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  2. Yes, it is September. I can hardly believe it. But it looks like with all the blooms in your garden, that September is a good month for you!

    Carol, May Dreams Gardens

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  3. Great post and pictures.
    I love fall, warm sunshine and blue skies. Right now, our late summer weather is just beautiful.
    Enjoy..
    Gisela

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  4. Last week, this week and next, according to the forecast are absolutely perfect in my books -- exactly what our entire summer should be like. I don't normally like the month of September -- never have liked that changeover from summer to fall, but this year, it is most welcome. :) Yer blooms are amazing. As for the magenta/orange combo, I'm definitely in the LOVE camp. :-)

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  5. Hey, Jodi, that's my line ..That's my story and I'm sticking to it, my skin got so thin you could see right through it..."

    I hear ya. About September. But with your amazing array of beautiful blooms you're bound to enjoy late summer.

    I'm with you also on the Limelight hydrangea. Absolutely spectacular and I have fragrant Sweet Autumn Clematis climbing the fence behind it. An amazing trio.

    I've already started my fall clean up and rennovation as well.

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  6. Oh yes, put the foxglove near the honeysuckle! I love apricot and peach tones with pinks.

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  7. I love autumn but it's getting here to soon this year! I bought my fall scented Yankee Candles today so I'm trying to get ready!
    For a minute there, I thought you were going to tell us about the birds and the bees! ;-)

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  8. I know the feeling, September already! This year is flying by. Great photos! I'm a fan of the goldenrod even if others aren't. In fact last year I gathered seed and sprinkled more of it over in the wild areas on the outskirts of our yard just to increase the fall color. I need to do that withe the ironweed. They make a great natural fall color blend!

    Good luck in your clean-up expedition. I need to do the same!

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  9. This post had several things I want to comment on, but I know I'm going to forget something. I knew from the title right away that you were going to talk about being in denial. I have been, too, but am starting to give in. I find myself thinking about spring, and hoping the hellebores and other flowers I planted survive winter and bloom.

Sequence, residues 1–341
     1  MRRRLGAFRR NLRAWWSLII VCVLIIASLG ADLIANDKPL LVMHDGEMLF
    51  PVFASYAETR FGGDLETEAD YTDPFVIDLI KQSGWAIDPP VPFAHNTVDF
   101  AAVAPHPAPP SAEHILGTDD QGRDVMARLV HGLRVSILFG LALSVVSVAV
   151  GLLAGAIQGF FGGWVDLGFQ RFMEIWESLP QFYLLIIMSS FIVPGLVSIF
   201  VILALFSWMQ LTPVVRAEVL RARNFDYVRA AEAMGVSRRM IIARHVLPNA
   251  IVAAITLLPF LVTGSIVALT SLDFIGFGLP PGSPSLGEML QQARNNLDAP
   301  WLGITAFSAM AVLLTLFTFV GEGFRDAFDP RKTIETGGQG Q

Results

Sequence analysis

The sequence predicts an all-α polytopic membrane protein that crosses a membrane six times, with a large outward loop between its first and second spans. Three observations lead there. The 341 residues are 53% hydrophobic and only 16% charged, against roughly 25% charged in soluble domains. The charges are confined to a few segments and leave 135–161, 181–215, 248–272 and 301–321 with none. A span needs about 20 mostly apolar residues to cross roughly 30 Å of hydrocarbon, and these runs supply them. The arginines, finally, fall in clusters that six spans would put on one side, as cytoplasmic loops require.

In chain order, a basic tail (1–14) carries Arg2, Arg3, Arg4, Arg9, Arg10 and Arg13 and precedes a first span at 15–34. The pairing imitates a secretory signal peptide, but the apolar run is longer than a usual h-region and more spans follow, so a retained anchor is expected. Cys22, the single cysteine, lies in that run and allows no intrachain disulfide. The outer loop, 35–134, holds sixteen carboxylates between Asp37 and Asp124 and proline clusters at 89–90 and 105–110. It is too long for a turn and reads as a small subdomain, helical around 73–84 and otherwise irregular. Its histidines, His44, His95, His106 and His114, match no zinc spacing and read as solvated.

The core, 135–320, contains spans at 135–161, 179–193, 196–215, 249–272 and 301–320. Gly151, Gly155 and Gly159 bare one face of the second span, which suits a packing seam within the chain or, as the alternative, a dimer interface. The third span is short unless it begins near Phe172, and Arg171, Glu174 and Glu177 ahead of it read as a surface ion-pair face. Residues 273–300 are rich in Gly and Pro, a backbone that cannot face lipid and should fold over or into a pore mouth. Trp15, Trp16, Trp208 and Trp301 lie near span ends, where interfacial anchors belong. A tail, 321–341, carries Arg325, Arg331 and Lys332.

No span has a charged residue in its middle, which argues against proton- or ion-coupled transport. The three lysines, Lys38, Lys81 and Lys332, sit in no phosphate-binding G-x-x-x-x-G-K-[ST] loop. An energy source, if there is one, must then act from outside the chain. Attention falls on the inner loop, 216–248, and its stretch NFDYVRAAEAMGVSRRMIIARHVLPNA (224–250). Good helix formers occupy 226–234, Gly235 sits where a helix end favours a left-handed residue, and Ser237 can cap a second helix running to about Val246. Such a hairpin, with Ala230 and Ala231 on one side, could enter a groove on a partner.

When I planted my Herbstonne last year, I thought the blooms were going to be like the ones I just this evening learned are Golden Glows. I like it, though, and have been deadheading it, because it continues to bloom on the lower parts of the stems. I should probably stop deadheading at some point, though. I don't remember if birds eat the seeds.

    I like your Ligulara. I don't think I've seen these before. If I am in a "camp" on the colors, it may be the love of the yellow orange, but I think it's more of a like for them, as I seem to be in love with pinks these days. I don't think I'm a big magenta fan, but if I loved the flower, I'd find a spot for it. I do like to do a lot of mixing up in some of my beds.

    I like my Little Lemon goldenrod, but it bloomed pretty early this year, and is probably finished now.

    Well, I've been going back to your post to see what else I was going to say, but at this point, have carried on enough, and better go home. Oh, I love your orange foxglove. I have several kinds, and could collect them, too.

    Thanks for your nice comment on my blog.

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  10. Yes, Jodi, I'm afraid September is here, much too soon, as usual.
    I want summer to go on and on, especially this batch of sunshiny days we're having lately. Perfect gardening weather!
    If you can grow that agastache way up there, so can I! Is that Salmon and Pink, or something similar? I love it!
    I have A. Foeniculum blooming in my garden for the first time. I love the purple spires, and the leaves smell so good!
    It's lovely to see your late summer garden. You have some real beauties there.

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  11. Oh, btw, my Limelight hydrangea is spectacular too this year, although it's still a baby at about 4 ft. But it's loaded with beautiful blooms.

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  12. I'm in the 'Love' camp when it comes to the Ligularia. I've got dozens and dozens of plants and the pond area is bright with their blooms.